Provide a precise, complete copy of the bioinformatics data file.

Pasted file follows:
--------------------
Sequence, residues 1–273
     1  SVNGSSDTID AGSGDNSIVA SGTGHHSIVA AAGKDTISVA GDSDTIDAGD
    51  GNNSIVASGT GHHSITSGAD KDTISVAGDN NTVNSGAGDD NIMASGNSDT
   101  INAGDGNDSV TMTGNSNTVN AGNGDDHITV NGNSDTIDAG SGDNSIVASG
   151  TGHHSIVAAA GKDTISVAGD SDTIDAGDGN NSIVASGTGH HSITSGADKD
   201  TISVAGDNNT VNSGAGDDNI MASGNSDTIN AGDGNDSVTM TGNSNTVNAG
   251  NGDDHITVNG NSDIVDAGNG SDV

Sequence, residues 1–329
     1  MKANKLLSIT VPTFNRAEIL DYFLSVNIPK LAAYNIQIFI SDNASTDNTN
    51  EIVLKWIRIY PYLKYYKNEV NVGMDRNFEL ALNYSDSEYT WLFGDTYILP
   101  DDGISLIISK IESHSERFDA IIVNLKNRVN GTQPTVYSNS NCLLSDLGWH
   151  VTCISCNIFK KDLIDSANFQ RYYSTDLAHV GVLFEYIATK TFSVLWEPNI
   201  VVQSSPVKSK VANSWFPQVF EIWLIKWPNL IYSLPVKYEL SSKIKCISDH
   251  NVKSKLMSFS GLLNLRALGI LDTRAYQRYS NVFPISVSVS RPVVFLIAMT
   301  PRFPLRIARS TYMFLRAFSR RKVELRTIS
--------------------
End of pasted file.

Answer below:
Sequence, residues 1–273
     1  SVNGSSDTID AGSGDNSIVA SGTGHHSIVA AAGKDTISVA GDSDTIDAGD
    51  GNNSIVASGT GHHSITSGAD KDTISVAGDN NTVNSGAGDD NIMASGNSDT
   101  INAGDGNDSV TMTGNSNTVN AGNGDDHITV NGNSDTIDAG SGDNSIVASG
   151  TGHHSIVAAA GKDTISVAGD SDTIDAGDGN NSIVASGTGH HSITSGADKD
   201  TISVAGDNNT VNSGAGDDNI MASGNSDTIN AGDGNDSVTM TGNSNTVNAG
   251  NGDDHITVNG NSDIVDAGNG SDV

Sequence, residues 1–329
     1  MKANKLLSIT VPTFNRAEIL DYFLSVNIPK LAAYNIQIFI SDNASTDNTN
    51  EIVLKWIRIY PYLKYYKNEV NVGMDRNFEL ALNYSDSEYT WLFGDTYILP
   101  DDGISLIISK IESHSERFDA IIVNLKNRVN GTQPTVYSNS NCLLSDLGWH
   151  VTCISCNIFK KDLIDSANFQ RYYSTDLAHV GVLFEYIATK TFSVLWEPNI
   201  VVQSSPVKSK VANSWFPQVF EIWLIKWPNL IYSLPVKYEL SSKIKCISDH
   251  NVKSKLMSFS GLLNLRALGI LDTRAYQRYS NVFPISVSVS RPVVFLIAMT
   301  PRFPLRIARS TYMFLRAFSR RKVELRTIS